This is the biggest interview of my adult life so I am truly hoping for the best here.......
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Old 26th August 2014, 8:57 AM   #20
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Quote:
Originally Posted by Leigh 87 View Post
Wow.

Well, I just got shortlisted for a 50K AUD a year job.

It is troubleshooting/online assistance for one of the major banks.

The interview on the phone carried on for 45 mins. The HR recruiter decided to skip the online cam/interview and just put me through to tomorrow's final round.

My good friend also went for this same role two weeks ago and got it; so I know a little about the process/ what to expect.

I have waited all my adult life for a chance to earn a normal income where I can save for a mortgage deposit and then move out of home.

The recruiter explained that there is a lot of chance for career progression to highly paid jobs if you are the type of person who wants to progress in your career opposed to staying in the same role.






This is the biggest interview of my adult life so I am truly hoping for the best here.......
Congratulations Leigh!
So the interview is tomorrow? Best of luck, keep us updated
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Old 26th August 2014, 9:08 AM   #21
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Quote:
Originally Posted by anne1707 View Post
I am very confused Leigh. You are now saying that you would love to do entry level admin work yet just a few weeks ago you said this:



which sounds very critical of admin work. What has made you change your mind?

(And I know you are not talking of not doing podiatry so don't think I have assumed you are no longer planning to study).


I applied for a trouble shooting position because I enjoy problem solving. I didn't think I would hear back.

Regarding admin work, a friend wanted to give me a chance to see if I enjoyed it, as they though I was a better fit for admin work than I was for all the other jobs I had been looking into.

Turns out, I did enjoy it as I managed to be kept busy and stimulated each day.

I guess I was sadly mistaken about admin/office jobs. My friends thought I should at least give it a go before I discounted it. They always heard how badly I wanted employment so I finally relented and tried one of their ideas (me trying out admin work for a day). Only I didn't have to do data entry, I just answered calls and sent emails, which they checked to see my level of accuracy.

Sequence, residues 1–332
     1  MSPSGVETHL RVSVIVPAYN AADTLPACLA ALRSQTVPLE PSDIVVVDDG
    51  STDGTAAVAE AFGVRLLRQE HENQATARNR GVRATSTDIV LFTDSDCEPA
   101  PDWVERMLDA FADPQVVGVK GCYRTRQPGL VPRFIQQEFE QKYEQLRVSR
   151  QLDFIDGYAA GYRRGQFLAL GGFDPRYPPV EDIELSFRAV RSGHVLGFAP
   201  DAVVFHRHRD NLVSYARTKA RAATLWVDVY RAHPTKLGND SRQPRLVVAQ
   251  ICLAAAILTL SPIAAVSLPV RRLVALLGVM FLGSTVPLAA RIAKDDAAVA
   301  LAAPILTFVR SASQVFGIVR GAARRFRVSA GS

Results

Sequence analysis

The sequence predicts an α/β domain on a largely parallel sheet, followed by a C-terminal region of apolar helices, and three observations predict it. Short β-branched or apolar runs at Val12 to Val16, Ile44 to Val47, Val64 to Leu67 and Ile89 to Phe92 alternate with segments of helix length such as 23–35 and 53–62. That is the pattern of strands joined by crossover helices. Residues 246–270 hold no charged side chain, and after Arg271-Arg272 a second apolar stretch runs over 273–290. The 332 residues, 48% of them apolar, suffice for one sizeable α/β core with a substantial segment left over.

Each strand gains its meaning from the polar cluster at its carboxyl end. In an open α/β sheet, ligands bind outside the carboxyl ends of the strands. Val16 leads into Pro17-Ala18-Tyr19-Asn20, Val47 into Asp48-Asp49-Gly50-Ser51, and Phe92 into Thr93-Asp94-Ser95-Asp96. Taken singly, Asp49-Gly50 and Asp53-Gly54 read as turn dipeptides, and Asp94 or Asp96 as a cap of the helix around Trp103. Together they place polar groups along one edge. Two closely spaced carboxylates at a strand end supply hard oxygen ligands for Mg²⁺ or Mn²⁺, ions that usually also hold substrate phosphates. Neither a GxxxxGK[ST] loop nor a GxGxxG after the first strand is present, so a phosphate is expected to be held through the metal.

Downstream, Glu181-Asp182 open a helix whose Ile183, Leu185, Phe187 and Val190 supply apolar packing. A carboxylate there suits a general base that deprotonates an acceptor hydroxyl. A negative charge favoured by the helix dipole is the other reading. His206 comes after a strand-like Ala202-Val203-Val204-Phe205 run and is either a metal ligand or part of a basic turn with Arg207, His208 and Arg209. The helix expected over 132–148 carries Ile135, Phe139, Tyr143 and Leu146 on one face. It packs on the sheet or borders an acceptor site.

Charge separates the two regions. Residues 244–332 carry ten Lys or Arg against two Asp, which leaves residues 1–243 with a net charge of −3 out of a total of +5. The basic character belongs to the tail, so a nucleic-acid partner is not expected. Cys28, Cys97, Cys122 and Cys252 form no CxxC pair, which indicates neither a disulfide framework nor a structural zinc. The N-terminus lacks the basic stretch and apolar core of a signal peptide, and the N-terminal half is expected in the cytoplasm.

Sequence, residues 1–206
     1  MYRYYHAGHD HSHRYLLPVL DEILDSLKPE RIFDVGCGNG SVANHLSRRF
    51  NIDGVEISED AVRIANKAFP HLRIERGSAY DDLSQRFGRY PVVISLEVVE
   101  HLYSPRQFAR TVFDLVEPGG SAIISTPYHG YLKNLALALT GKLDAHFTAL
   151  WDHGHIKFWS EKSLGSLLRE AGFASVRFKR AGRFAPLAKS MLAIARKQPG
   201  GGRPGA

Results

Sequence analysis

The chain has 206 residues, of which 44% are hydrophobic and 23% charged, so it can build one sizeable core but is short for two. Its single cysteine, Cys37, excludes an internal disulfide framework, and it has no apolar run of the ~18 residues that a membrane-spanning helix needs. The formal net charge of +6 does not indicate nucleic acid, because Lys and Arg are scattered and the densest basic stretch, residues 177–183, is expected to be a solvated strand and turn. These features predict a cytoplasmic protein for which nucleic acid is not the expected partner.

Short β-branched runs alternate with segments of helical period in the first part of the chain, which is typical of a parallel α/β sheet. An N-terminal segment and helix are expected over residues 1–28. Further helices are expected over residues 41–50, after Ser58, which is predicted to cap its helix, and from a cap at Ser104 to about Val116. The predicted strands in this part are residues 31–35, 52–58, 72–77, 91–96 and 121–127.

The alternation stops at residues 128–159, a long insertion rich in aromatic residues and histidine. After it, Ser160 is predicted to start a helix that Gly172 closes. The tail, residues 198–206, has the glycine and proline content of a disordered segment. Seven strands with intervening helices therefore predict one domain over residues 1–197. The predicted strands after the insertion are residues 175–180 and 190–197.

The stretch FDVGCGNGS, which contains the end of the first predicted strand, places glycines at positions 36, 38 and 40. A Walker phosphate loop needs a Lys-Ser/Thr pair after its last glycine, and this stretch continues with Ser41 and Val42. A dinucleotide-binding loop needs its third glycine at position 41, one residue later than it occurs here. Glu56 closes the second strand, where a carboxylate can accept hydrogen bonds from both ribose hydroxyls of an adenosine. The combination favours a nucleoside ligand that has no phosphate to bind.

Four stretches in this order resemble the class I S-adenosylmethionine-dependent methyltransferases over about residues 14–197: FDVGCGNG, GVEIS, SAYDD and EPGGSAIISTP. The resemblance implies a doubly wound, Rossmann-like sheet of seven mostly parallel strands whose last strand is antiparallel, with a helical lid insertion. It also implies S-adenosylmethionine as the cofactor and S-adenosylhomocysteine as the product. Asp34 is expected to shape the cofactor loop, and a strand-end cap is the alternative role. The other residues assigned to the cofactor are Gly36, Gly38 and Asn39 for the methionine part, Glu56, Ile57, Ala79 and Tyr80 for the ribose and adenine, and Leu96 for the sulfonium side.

I thought I would hate admin based roles and I ended up enjoying it when it came to actually giving it a go. I also thought I would enjoy aged care, which I did, but I hated the dirty work involved that I just couldn't ever learn to tolerate unless I was starving and desperate.

So I turned to volunteering in aged care residencies (rather than working as an aged carer and getting paid for it) as I enjoyed providing companionship, plus and volunteering is good for your health and it gives you something to do whilst you're not working. However, I did leave behind the notion of WORKING as an aged carer, as it is not all fun and games and "companionship". Aged care turned out to be more about toileting, showering and bowel care than actually talking to the residents of the facilities.

My friends told me I shouldn't just shun office work too and I figured I should listen to people who know me well. I didn't think I would enjoy it, I thought it would be boring. My parents had also been on my case surrounding employment opportunities I seemed to gravitate towards; they always insisted that I at least try admin/office type of roles as they strongly believed it suited me better than hospitality, retail and the like.

It is only in the past 7 days that I sort of said " okay then, fine, I will listen to people who know me seeing as I don't seem to be reaching any kind of success in my other endeavours"

I honestly didn't go into my friends office that morning and think I would have any sort of inclination to "paper pushing" office "crap". Then when the time came to go home, or have a lunch break, I was too enthused about the work I was carrying out that I had to be asked to leave (the office for lunch) so my friend could check their emails.

I wouldn't want to do it forever, but I liked it enough to actually enjoy doing it in addition to college......

I am truly appreciative of my friends for helping me out and trying to help get me into paid work and off government benefits.
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Old 26th August 2014, 9:11 AM   #22
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Quote: